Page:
`Computer Worms' Undermine China Piracy Talks

By Poole, Teresa | The Independent (London, England), January 18, 1995 | Go to article overview
Save to active project

`Computer Worms' Undermine China Piracy Talks


Poole, Teresa, The Independent (London, England)


The H W Electronic Corporation operates from a modest one-room office in a converted warehouse in Zhongguancun Street, Peking's "Electronics Street", an area which is home to most of the city's dian nao chong, or "computer worms".

The office is equipped with all that is necessary for its business: one desk, two chairs, and a desktop computer. The manager, who uses the name Mr Wan, is an obliging fellow: "Whatever software packages you need, I can get them for you at reasonable prices," he says, profering a printed list of what is available. It includes the newly developed "Chinese Star", a Chinese-language word-processing system; the authorised version retails for more than 2,000 yuan (pounds 50), but Mr Wan's boxed set of discs and manuals can be purchased for 200 yuan. Bring your own floppy disc, and Mr Wan will make a copy of your chosen software for 15 yuan.

A few miles away, under the cloud of a looming trade war, United States and Chinese negotiators will today reopen talks over copyright protection in China. Piracy of software, films, CDs and audio-visual products will be top of the agenda. It is less than three weeks before the 4 February deadline when the US is threatening massive trade sanctions over copyright abuse, and China is promising equally strong retaliation.

This time the US negotiating team includes trade representatives from the industries thatfeel most injured: Jack Valenti, president of the Motion Picture Export Association of America; Jay Berman, president of the Recording Industry Association of America; and Robert Holleyman, president of the Business Software Alliance.

The grievances are many. A US trade official this week accused a state-owned company in Shenzhen of producing crates of laser discs of Walt Disney's The Lion King months before the hit movie was even released on videotape.

The rest of this article is only available to active members of Questia

Sign up now for a free, 1-day trial and receive full access to:

  • Questia's entire collection
  • Automatic bibliography creation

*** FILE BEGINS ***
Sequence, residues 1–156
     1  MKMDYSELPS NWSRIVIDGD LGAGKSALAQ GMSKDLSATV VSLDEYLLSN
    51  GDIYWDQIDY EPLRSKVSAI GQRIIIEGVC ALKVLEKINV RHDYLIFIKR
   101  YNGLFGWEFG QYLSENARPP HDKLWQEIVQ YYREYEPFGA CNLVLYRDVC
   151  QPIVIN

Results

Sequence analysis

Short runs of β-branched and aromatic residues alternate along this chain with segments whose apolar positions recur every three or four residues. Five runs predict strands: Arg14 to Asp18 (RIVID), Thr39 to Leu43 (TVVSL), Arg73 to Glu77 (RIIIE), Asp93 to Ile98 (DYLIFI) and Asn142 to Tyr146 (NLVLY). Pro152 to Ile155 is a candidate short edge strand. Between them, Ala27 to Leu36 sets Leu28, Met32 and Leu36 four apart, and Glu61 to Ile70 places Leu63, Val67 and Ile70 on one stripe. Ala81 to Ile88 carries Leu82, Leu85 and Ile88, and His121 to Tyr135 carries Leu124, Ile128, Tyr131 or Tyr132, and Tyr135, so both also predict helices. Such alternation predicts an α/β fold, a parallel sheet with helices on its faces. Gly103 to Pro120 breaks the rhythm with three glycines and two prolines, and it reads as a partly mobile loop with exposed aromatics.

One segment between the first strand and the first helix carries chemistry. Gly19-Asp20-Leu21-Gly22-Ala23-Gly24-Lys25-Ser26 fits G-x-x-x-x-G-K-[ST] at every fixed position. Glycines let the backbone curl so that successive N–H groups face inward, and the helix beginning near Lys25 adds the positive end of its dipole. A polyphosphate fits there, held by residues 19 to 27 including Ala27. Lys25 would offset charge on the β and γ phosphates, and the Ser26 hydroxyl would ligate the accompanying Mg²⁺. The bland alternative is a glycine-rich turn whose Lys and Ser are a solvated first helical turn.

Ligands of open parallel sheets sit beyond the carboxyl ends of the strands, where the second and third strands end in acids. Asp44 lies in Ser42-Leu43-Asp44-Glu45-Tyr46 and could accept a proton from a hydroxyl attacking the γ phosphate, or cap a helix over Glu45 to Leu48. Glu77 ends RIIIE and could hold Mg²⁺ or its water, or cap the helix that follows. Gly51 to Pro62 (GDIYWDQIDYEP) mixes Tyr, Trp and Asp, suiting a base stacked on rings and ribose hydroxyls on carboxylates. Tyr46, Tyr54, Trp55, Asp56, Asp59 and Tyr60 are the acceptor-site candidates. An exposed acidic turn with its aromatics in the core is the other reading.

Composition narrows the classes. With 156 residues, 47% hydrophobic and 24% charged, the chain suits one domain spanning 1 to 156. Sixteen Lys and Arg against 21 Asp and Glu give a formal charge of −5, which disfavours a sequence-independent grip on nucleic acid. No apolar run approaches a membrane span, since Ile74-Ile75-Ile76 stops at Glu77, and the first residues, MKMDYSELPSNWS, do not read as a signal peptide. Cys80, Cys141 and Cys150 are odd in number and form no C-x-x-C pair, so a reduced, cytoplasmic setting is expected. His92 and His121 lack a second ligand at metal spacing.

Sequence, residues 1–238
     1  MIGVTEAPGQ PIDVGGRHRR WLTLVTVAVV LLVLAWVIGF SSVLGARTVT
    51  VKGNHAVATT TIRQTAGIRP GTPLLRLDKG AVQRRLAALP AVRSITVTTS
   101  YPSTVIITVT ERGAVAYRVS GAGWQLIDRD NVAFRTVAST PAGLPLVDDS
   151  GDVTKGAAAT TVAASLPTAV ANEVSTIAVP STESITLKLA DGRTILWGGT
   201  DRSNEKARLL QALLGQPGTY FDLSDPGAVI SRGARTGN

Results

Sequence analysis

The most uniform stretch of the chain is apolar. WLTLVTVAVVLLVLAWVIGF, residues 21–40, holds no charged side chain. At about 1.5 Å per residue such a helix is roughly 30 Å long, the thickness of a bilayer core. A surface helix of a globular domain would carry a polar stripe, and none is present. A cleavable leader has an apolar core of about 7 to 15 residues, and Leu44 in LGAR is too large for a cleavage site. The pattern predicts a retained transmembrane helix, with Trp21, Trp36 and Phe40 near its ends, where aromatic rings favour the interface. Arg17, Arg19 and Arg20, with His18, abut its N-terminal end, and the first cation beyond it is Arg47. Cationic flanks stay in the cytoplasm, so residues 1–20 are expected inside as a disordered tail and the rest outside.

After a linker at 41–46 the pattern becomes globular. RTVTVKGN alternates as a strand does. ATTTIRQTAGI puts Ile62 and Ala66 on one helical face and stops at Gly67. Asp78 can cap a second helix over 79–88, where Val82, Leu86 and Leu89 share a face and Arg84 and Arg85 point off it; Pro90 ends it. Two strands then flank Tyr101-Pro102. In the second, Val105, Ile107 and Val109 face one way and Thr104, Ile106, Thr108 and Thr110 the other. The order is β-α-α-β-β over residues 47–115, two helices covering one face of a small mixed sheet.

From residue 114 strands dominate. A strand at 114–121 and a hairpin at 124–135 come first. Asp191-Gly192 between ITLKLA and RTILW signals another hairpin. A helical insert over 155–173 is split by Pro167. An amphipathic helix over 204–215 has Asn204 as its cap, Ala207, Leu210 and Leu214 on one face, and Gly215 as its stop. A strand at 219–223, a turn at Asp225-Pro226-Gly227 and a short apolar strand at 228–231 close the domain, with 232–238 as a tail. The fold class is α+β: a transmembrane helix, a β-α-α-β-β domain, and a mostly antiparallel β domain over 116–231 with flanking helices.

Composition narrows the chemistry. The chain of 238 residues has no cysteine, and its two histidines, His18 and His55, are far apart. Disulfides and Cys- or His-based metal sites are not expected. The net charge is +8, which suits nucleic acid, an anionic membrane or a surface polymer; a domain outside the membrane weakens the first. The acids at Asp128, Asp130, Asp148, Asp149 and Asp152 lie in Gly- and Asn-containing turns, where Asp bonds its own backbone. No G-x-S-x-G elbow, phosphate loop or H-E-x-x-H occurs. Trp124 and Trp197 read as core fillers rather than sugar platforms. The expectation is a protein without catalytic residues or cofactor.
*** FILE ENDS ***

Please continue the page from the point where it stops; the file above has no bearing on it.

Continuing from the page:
• More helpful research tools like notes, citations, and highlights
  • Ad-free environment

Already a member? Log in now.

Notes for this article

Add a new note
If you are trying to select text to create highlights or citations, remember that you must now click or tap on the first word, and then click or tap on the last word.
Loading One moment ...
Project items
Notes
Cite this article

Cited article

Style
Citations are available only to our active members.
Sign up now to cite pages or passages in MLA, APA and Chicago citation styles.

Cited article

`Computer Worms' Undermine China Piracy Talks
Settings

Settings

Typeface
Text size Smaller Larger
Search within

Search within this article

Look up

Look up a word

  • Dictionary
  • Thesaurus
Please submit a word or phrase above.
Print this page

Print this page

Why can't I print more than one page at a time?

While we understand printed pages are helpful to our users, this limitation is necessary to help protect our publishers' copyrighted material and prevent its unlawful distribution. We are sorry for any inconvenience.
Full screen

matching results for page

Cited passage

Style
Citations are available only to our active members.
Sign up now to cite pages or passages in MLA, APA and Chicago citation styles.

Cited passage

Welcome to the new Questia Reader

The Questia Reader has been updated to provide you with an even better online reading experience.  It is now 100% Responsive, which means you can read our books and articles on any sized device you wish.  All of your favorite tools like notes, highlights, and citations are still here, but the way you select text has been updated to be easier to use, especially on touchscreen devices.  Here's how:

1. Click or tap the first word you want to select.
2. Click or tap the last word you want to select.

OK, got it!

Thanks for trying Questia!

Please continue trying out our research tools, but please note, full functionality is available only to our active members.

Your work will be lost once you leave this Web page.

For full access in an ad-free environment, sign up now for a FREE, 1-day trial.

Already a member? Log in now.

Are you sure you want to delete this highlight?